A Quick and Easy Guide To Shrimp

By Paleo
In Cooking Tips
Apr 3rd, 2012
0 Comments
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Shrimp are a succulent seafood that can add great variety to your paleo diet. When selecting shrimp, and preparing shrimp, it can be a bit tricky to decipher between all the types and sizes.

Shrimp is a great seafood choice for those that might not be in the mood for fish, and they are relatively easy to prepare, and low in mercury. Some of the most popular shrimp choices are giant tiger prawns, Northern shrimp, pink shrimp, king prawns and bay prawns. In terms of flavor, many people prefer shrimp that reside in cold water, because they grown more slowly, which makes their meat more succulent and flavorful. The pink shrimp, also referred to as the deep-water shrimp, is one of the most popular selections in the United States. The tiger prawn, which is generally 6 (15 cm) to 12 inches (30 cm) in length, is also becoming a popular choice. This type of prawn has been popular in Asian cuisine for a long period of time.

Shrimp can be farm-raised or wild caught. For those following a paleo diet, it’s often best to select shrimp that are wild caught, because farm-raised shrimp,  much like livestock, are raised in overcrowded environments that can potentially contaminate the shrimp.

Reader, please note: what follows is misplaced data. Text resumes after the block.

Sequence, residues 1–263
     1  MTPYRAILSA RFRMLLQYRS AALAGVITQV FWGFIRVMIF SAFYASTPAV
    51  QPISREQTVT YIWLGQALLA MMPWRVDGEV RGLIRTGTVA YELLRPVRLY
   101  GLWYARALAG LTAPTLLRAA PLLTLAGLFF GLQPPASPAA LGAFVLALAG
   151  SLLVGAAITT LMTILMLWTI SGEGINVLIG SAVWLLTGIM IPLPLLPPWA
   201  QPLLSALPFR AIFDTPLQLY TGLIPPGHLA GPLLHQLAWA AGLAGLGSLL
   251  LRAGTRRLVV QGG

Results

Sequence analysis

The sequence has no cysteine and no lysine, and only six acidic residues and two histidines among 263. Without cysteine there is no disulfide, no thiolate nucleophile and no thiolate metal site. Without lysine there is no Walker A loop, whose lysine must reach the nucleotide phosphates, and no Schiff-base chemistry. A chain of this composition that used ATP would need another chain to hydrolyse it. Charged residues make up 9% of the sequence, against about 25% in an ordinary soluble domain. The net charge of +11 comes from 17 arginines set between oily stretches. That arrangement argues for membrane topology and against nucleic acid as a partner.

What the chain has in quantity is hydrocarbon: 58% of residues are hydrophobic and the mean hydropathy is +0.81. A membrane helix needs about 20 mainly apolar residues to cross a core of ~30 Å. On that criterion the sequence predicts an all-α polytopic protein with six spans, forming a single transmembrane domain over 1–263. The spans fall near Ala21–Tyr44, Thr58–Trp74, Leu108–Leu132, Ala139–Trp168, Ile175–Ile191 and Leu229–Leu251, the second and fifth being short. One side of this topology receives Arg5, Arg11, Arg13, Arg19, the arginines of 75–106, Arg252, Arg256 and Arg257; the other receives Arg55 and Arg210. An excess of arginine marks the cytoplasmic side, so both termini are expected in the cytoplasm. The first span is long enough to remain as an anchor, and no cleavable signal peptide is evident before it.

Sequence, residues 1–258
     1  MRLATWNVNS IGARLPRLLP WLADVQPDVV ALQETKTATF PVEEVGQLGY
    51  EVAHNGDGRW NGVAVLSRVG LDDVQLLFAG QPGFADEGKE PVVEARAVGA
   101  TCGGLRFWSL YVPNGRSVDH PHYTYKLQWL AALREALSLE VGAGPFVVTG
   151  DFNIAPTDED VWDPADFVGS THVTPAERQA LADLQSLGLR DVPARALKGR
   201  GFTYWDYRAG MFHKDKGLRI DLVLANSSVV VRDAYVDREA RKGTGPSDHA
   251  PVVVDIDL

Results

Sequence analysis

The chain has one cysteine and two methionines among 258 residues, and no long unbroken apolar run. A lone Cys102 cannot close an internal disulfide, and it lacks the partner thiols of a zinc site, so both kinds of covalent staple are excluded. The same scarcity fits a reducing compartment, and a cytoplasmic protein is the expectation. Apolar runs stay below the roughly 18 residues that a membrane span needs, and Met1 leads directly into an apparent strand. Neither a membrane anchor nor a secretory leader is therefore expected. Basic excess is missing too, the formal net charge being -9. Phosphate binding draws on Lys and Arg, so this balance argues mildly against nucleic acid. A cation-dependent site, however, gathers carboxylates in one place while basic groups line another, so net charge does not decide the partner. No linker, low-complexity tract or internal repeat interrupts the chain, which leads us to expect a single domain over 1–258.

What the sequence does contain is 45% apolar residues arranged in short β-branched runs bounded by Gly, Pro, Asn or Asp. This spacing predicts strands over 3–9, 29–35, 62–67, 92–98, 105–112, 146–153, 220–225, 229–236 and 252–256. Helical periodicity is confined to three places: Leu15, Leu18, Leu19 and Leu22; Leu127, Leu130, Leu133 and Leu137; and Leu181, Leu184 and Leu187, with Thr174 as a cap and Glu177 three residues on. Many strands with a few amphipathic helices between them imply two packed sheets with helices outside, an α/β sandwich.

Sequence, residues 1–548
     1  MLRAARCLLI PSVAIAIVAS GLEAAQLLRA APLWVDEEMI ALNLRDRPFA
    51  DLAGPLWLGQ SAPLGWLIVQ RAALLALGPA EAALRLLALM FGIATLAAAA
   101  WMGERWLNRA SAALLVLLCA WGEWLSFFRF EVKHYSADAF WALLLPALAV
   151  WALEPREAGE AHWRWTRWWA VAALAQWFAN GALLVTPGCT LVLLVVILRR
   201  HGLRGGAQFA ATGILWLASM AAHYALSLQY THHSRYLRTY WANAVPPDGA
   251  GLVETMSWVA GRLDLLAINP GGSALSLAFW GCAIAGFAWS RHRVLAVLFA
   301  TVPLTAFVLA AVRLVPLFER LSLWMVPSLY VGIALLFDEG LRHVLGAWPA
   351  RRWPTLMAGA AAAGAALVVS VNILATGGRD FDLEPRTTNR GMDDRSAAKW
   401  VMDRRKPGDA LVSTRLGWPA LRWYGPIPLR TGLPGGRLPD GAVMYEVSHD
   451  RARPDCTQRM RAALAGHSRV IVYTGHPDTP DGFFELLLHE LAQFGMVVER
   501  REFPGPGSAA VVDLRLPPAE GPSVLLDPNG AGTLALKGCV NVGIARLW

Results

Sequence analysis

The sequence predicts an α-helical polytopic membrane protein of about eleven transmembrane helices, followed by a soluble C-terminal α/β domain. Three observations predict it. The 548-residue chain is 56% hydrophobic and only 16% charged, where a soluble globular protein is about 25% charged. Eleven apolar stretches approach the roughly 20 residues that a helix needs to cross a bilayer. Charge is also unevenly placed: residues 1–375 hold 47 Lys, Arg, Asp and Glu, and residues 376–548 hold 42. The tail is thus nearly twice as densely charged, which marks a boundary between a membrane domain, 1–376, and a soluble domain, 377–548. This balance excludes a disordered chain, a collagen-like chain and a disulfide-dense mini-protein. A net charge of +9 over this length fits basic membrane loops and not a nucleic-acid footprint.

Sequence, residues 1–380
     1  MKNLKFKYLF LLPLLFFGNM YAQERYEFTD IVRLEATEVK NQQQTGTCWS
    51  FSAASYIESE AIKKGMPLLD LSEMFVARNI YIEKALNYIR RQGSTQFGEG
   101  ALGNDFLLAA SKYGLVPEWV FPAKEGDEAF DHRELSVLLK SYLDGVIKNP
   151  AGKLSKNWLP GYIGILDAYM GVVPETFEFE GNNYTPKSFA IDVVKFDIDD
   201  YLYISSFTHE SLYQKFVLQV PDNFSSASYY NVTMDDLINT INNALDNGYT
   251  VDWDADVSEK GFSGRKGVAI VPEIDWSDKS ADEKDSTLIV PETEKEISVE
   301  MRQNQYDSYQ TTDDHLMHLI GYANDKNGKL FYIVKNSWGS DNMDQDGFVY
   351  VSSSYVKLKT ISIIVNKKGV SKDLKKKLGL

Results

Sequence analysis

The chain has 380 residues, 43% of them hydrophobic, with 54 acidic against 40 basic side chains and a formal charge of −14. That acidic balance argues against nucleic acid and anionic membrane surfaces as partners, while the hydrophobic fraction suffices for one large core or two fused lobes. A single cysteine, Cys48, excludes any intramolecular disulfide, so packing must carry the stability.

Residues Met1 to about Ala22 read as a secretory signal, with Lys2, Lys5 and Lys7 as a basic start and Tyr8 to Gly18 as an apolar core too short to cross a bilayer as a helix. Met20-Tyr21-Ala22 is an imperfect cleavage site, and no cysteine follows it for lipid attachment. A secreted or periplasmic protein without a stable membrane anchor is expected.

When purchasing shrimp, unless you live in a place where shrimp truly are sold fresh, it’s probably your best option to buy frozen, because shrimp are rarely sold fresh and shrimp that are frozen and then thawed for sale lose a lot of their flavor. When purchasing shrimp, you should also avoid those that have been peeled and deveined prior to purchase, as this can also lead to a loss of the flavor and texture of the shrimp.

Shrimp that are brown will likely have a very strong taste of iodine, which is a mineral they are abundant in, so if you have sensitive taste buds, you probably won’t like such a powerful flavor. Shrimp should be free of black spots on their shells, because this means their meat has begun to break down, and they also shouldn’t have shells that are yellowing or a gritty texture, because this can mean a bleaching agent has been applied to reduce the appearance of black spots on the shell. Shrimp should smell like salt water, and not have an overwhelmingly fishy smell when thawed, and they should feel firm to the touch, and completely fill-out their shell.

Other key indicators of freshness to look for when selecting shrimp include the appearance of the shell, which should be firm and glossy, rather than slippery or broken. The eyes of the shrimp or prawn should be visible and shiny, and not shrunken inward toward the shell or missing from the shrimp.

Shrimp can be a great way to experiment with new flavors in your favorite paleo dishes, so enjoy the tiny delicacies!

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